Banjo, a musical instrument with strings plucked by fingers or plectrum, popular among the American negroes and introduced by them into Europe. The word is either a corruption of "bandore" or "pandura" (q.v.), an instrument of the guitar type, or is derived from "bania," the name of a similar primitive Senegambian instrument.
The banjo consists of a body composed of a single piece of vellum stretched like a drum-head over a wooden or metal hoop to ensure the requisite degree of resonance; the parchment may be tightened or slackened by means of a series of screws disposed round the circumference of the hoop. Attached to the body, which has no back, is a long neck, terminating in a flat head acting as a peg-box and bent back slightly at an obtuse angle from the neck. There are five, six or nine strings to the banjo; they are fastened to a tail-piece as in the violin, pass over a low bridge, on the body, and are strained over the nut or ridge at the end of the neck, where they are threaded through holes and wound round the tuning-pegs fixed in the back of the head in Oriental fashion, as in the lute (q.v.). The strings are stopped by the pressure of the fingers against the finger-board which lies over the front of the neck; the correct positions for the formation of the intervals of the scale are indicated in some banjos by frets consisting of metal or wooden bands inlaid in the finger-board. The vibrating length of the strings from bridge to nut is 24 in. for all except the highest in pitch, known as the "chanterelle," "melody" or "thumb string," which is only 16 in. long; its tuning peg is inserted half-way up the neck.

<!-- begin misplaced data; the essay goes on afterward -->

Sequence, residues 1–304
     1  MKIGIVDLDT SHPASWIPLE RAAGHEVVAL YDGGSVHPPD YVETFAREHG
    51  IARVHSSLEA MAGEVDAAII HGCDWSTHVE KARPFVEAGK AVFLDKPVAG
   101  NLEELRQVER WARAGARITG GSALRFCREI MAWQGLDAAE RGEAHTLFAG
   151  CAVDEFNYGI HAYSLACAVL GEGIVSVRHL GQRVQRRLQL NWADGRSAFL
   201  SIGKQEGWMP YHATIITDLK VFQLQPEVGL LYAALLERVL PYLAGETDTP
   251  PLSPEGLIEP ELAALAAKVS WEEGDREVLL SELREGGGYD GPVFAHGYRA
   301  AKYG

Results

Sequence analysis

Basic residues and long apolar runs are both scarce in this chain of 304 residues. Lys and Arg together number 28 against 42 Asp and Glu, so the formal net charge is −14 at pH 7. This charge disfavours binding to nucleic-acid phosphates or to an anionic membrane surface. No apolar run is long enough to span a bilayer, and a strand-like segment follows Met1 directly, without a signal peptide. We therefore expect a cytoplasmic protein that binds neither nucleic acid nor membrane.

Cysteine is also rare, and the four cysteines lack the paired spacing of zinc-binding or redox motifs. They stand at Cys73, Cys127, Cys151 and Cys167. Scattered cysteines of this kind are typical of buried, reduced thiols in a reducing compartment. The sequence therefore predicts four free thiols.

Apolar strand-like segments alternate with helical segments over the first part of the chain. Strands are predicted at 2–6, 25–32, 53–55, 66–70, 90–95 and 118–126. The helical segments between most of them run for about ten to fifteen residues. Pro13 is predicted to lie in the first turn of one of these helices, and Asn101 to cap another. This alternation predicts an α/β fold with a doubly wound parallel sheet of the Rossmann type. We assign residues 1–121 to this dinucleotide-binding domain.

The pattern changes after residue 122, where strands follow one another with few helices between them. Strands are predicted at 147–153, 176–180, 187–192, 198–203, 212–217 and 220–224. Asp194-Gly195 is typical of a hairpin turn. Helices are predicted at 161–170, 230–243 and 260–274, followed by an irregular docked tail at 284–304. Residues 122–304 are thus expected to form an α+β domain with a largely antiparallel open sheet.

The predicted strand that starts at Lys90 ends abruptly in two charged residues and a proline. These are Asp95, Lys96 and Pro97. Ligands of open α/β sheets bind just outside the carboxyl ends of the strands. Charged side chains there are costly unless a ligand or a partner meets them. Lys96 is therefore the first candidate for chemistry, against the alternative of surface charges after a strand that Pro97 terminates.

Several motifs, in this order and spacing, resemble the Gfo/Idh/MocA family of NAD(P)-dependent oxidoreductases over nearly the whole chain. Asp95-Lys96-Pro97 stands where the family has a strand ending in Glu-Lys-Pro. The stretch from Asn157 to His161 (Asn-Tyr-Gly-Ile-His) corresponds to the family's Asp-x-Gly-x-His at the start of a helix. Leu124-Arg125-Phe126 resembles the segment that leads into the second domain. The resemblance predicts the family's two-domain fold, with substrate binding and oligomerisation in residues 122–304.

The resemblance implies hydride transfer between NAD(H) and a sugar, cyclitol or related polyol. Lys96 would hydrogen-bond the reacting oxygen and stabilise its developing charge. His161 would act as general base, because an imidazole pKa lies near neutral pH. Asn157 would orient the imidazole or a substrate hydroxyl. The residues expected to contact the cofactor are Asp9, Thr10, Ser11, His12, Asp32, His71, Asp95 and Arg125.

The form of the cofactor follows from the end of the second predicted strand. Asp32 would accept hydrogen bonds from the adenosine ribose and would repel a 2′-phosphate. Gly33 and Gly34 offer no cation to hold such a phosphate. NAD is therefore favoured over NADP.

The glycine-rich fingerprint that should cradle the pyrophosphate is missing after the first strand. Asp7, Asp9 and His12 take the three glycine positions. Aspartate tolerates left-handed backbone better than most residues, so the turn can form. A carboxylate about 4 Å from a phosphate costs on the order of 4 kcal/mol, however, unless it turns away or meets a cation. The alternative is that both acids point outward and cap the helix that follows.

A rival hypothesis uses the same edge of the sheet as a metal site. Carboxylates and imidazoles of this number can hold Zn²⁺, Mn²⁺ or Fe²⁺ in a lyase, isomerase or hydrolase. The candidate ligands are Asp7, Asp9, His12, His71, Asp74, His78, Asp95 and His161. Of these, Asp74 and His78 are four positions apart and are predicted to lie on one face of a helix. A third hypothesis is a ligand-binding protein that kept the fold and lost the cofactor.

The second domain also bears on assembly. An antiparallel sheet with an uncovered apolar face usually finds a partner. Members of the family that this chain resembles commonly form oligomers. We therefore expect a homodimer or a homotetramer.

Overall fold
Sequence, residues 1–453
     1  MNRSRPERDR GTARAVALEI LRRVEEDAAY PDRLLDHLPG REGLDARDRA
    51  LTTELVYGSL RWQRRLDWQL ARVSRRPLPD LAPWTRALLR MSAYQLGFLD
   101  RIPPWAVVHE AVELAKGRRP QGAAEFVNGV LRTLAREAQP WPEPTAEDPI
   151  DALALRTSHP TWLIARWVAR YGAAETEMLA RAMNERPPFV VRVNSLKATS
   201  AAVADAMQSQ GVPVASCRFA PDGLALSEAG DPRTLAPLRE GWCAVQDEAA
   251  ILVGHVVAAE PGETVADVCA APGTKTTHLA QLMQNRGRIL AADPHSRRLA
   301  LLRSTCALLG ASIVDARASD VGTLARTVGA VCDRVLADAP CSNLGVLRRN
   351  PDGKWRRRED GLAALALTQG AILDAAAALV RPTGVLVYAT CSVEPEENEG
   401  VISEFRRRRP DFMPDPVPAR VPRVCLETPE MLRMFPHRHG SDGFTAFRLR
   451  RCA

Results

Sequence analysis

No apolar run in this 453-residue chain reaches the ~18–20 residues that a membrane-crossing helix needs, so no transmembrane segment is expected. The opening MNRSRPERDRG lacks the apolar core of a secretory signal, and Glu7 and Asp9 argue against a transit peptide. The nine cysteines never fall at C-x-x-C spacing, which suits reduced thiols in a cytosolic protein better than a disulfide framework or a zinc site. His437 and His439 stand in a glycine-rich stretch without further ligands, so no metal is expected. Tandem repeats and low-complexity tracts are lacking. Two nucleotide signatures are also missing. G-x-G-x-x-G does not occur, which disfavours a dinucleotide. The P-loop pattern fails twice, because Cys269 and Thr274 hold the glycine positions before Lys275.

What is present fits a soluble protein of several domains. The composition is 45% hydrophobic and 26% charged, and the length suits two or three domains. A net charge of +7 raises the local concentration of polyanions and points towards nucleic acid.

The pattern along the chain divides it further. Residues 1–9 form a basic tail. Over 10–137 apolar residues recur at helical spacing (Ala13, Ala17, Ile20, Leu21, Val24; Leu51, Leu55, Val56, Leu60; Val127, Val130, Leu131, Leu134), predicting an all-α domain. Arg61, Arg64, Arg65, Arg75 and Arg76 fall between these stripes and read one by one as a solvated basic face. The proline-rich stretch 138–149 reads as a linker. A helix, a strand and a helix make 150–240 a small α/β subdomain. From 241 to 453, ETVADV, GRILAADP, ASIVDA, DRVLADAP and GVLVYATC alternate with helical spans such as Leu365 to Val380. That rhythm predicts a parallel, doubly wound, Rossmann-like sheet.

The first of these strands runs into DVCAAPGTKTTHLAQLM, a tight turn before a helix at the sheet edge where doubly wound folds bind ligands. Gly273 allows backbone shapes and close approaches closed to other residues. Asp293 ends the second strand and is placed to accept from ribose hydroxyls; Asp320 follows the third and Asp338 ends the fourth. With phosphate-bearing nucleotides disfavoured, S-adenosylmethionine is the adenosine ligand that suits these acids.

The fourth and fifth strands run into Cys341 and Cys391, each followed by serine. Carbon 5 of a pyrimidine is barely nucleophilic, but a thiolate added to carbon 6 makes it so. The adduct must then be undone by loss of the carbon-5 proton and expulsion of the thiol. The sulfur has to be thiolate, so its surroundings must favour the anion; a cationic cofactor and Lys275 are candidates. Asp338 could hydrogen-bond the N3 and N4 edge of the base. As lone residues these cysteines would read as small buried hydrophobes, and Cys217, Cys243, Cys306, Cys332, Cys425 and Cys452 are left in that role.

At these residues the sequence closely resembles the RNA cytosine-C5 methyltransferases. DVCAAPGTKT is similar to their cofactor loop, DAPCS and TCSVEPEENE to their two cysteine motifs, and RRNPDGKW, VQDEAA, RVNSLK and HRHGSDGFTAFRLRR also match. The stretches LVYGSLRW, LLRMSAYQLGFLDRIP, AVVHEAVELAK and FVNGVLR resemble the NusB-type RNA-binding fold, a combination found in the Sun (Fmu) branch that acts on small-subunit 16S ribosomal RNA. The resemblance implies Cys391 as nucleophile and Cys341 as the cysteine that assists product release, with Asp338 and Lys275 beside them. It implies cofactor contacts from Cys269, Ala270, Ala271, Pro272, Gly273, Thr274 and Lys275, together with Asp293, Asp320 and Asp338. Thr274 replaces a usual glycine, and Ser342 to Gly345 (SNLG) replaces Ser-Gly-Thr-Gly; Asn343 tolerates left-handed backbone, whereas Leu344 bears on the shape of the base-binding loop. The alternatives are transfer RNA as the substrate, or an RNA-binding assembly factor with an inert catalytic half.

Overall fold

The chanterelle is not, as in other stringed instruments, in its position as the highest in pitch, but is placed next the lowest string for convenience in playing it with the thumb. In the tables of accordance here given, the chanterelle is indicated by a X. The five-stringed banjo is tuned either
The six-stringed is tuned
The nine-stringed banjo has three thumb strings thus
The G clef is used in notation, but the notes sound an octave lower than they are written. The banjo is usually a transposing instrument in the sense that, when playing with other instruments, the A corresponds to the C of the piano or violin; the key of A major is therefore the first to be mastered. The chanterelle does not lie over the finger-board and is always played open by the thumb.
The banjo is held so that the neck is even with the left shoulder and the body rests on the right thigh; the front of the instrument is held inclined at an angle, allowing the performer to see all the strings. When played as a solo instrument, a plectrum may be used with good effect to produce rapid scale and arpeggio passages, or to produce the tremolo or sustained notes as on the mandoline (q.v.). The best results are obtained by means of a tortoise-shell plectrum about the size of a shilling, having the contact-edges highly polished, bevelled and terminating in a point. The tone of the banjo is louder and harder than that of the guitar. Chords of two, three and four notes can be played on it.
The banjo or bania of the African negro having grass strings is still in use on the coast of Guinea. The banjo was made known in England through companies of coloured minstrels from the United States, one of which came over to London as early as 1846.
 See A. H. Nassau-Kennedy, I.S.M., Banjo-Plectring.